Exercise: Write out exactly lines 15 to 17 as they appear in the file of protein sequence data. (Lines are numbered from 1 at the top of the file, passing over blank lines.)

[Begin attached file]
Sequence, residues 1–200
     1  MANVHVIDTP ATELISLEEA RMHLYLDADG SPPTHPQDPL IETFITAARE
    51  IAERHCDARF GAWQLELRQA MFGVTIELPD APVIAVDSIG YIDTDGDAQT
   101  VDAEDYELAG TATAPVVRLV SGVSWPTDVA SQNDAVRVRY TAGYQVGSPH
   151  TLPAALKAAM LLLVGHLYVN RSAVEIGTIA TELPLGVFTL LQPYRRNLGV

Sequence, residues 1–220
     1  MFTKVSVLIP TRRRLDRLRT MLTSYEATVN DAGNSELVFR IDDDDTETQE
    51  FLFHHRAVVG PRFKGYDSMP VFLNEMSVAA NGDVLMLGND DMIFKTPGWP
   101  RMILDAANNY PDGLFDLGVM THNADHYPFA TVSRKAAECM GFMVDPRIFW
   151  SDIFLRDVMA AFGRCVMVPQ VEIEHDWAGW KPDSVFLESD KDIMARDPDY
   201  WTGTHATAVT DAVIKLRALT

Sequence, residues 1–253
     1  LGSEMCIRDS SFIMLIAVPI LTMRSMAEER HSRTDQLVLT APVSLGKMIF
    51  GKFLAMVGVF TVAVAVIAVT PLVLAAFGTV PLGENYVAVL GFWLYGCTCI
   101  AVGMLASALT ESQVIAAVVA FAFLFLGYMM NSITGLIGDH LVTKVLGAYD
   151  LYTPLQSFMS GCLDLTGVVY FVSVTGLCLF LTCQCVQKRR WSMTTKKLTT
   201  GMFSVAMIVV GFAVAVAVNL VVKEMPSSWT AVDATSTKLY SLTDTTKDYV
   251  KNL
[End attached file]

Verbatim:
   101  AVGMLASALT ESQVIAAVVA FAFLFLGYMM NSITGLIGDH LVTKVLGAYD
   151  LYTPLQSFMS GCLDLTGVVY FVSVTGLCLF LTCQCVQKRR WSMTTKKLTT
   201  GMFSVAMIVV GFAVAVAVNL VVKEMPSSWT AVDATSTKLY SLTDTTKDYV